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Settlement and Region in British America, 1607-1763

Trevor Burnard

in Atlantic History

ISBN: 9780199730414
Published online May 2011 | | DOI: http://dx.doi.org/10.1093/obo/9780199730414-0048
Settlement and Region in British America, 1607-1763

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When the English ventured overseas in the late 16th and early 17th centuries, they established a variety of colonial settlements that, especially in the 17th century, were bewildering in their political and social diversity. During the 17th and 18th centuries, the heterogeneity of English settlement patterns became less pronounced, as settlers, slaves, and Native Americans worked out accommodations between themselves and between an imperial authority that only fitfully attempted to make colonial settlement patterns uniform. This internal heterogeneity in the British Empire was what particularly distinguished it from other imperial formations, notably the Spanish Empire in the Atlantic. In part because regional differentiation was so pronounced in colonial British America, scholarship has tended, to an extraordinary and possibly unfortunate degree, to be arranged principally around comparing and contrasting different regions. The contrast between how early American history is organized (by theme and region) and how later United States history is organized (by period) is remarkable and serves as testimony to the power of regional difference in continuing to shape our understanding of the early American past. There are other ways of organizing early American history, as is evident in many other articles in this series, but students need to be conscious of the intense effort historians of the English and British Atlantic worlds have made in exploring, comparing, and contrasting distinct regions of early America.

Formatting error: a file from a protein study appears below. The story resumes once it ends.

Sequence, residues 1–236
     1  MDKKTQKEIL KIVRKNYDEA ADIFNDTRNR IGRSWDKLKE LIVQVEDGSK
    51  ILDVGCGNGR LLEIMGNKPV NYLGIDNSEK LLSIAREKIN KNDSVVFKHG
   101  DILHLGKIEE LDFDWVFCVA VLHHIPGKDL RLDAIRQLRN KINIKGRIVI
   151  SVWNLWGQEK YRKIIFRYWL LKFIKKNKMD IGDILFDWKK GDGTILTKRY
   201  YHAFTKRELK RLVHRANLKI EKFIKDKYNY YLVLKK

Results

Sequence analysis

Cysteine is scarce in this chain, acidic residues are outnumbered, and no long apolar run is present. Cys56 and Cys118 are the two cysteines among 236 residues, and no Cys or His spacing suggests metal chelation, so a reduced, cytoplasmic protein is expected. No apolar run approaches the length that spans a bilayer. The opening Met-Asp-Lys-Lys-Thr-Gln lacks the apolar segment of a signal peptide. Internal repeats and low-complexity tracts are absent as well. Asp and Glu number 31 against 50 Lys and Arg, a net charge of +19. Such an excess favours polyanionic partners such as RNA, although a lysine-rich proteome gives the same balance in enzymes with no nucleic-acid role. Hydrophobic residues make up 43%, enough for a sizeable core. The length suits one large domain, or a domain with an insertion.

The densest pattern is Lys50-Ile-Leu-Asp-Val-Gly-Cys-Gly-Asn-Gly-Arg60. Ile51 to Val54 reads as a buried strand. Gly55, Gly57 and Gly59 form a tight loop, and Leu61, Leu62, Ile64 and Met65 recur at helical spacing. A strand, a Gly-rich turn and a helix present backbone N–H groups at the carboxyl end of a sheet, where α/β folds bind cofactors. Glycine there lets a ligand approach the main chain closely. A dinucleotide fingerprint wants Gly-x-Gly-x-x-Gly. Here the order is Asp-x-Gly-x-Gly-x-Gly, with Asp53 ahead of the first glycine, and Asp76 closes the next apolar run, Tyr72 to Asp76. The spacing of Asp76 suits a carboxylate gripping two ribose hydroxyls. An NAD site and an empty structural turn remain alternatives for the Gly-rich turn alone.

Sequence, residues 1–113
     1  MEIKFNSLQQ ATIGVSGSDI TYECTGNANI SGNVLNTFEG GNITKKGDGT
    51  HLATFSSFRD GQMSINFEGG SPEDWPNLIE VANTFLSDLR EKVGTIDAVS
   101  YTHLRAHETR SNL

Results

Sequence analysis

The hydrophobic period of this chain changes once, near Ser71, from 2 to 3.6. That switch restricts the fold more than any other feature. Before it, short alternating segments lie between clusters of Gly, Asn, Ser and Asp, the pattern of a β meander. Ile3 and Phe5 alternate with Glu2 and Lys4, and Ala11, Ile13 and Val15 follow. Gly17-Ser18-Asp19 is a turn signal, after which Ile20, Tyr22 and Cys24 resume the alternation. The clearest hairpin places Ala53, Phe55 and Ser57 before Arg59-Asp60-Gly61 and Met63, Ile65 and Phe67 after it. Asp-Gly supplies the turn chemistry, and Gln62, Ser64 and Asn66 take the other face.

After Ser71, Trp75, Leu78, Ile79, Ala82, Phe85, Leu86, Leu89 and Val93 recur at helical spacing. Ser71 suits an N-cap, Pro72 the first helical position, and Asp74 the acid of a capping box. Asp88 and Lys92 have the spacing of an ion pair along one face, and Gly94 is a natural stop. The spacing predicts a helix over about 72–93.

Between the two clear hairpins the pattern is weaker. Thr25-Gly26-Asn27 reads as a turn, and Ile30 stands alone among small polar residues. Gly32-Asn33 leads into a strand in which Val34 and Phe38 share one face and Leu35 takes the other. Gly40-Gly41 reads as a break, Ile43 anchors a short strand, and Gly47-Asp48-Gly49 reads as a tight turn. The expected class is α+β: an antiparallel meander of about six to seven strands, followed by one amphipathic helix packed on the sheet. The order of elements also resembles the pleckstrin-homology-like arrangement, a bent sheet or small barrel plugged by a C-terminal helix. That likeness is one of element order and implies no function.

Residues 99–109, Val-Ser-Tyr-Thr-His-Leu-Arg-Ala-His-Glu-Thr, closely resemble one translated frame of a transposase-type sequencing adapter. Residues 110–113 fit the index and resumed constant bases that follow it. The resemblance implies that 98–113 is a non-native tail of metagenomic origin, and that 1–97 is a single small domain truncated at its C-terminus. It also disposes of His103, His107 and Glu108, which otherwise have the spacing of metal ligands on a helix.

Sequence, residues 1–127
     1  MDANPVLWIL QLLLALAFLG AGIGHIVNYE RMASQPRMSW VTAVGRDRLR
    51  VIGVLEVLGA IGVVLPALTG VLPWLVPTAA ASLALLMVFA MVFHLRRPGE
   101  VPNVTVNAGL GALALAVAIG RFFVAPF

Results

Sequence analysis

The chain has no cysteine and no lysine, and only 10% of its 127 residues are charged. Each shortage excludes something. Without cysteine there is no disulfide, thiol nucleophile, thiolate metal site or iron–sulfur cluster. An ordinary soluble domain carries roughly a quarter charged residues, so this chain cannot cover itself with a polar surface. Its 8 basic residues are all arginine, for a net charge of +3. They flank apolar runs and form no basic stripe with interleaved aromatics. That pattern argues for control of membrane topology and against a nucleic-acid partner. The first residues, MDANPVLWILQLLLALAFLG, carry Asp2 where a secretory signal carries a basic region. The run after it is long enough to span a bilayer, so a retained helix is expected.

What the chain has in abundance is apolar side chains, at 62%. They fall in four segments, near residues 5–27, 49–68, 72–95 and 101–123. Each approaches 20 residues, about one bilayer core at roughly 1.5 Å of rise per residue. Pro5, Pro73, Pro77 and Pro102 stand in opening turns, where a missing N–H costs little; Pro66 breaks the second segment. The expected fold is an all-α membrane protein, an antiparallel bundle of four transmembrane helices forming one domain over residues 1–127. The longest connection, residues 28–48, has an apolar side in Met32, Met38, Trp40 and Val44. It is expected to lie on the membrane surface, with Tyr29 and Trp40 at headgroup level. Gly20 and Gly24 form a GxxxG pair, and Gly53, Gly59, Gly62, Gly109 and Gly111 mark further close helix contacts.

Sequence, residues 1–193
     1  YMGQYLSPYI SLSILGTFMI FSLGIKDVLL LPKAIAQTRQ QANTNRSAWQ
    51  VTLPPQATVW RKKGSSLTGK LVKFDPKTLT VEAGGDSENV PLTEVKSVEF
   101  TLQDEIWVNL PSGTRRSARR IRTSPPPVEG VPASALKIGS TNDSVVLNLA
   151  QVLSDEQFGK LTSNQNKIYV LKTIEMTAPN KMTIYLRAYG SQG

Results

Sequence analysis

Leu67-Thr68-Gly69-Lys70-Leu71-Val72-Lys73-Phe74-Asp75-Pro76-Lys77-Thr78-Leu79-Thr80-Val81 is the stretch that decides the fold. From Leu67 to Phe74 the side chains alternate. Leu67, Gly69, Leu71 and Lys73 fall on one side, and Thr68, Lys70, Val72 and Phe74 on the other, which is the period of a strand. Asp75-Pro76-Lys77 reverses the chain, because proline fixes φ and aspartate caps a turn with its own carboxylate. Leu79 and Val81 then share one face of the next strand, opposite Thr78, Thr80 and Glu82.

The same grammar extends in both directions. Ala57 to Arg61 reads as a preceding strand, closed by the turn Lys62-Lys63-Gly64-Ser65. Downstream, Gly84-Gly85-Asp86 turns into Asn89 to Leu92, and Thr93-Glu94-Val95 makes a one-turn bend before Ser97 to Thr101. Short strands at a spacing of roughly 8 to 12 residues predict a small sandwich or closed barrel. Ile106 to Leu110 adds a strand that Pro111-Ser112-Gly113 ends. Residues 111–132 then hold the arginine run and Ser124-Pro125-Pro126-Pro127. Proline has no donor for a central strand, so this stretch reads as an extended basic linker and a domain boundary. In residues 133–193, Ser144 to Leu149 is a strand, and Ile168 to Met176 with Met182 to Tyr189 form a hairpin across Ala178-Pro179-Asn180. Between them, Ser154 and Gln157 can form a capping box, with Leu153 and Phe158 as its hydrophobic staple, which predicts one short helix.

Article.  9675 words. 

Subjects: History of the Americas ; European History ; African History ; History ; Regional and National History

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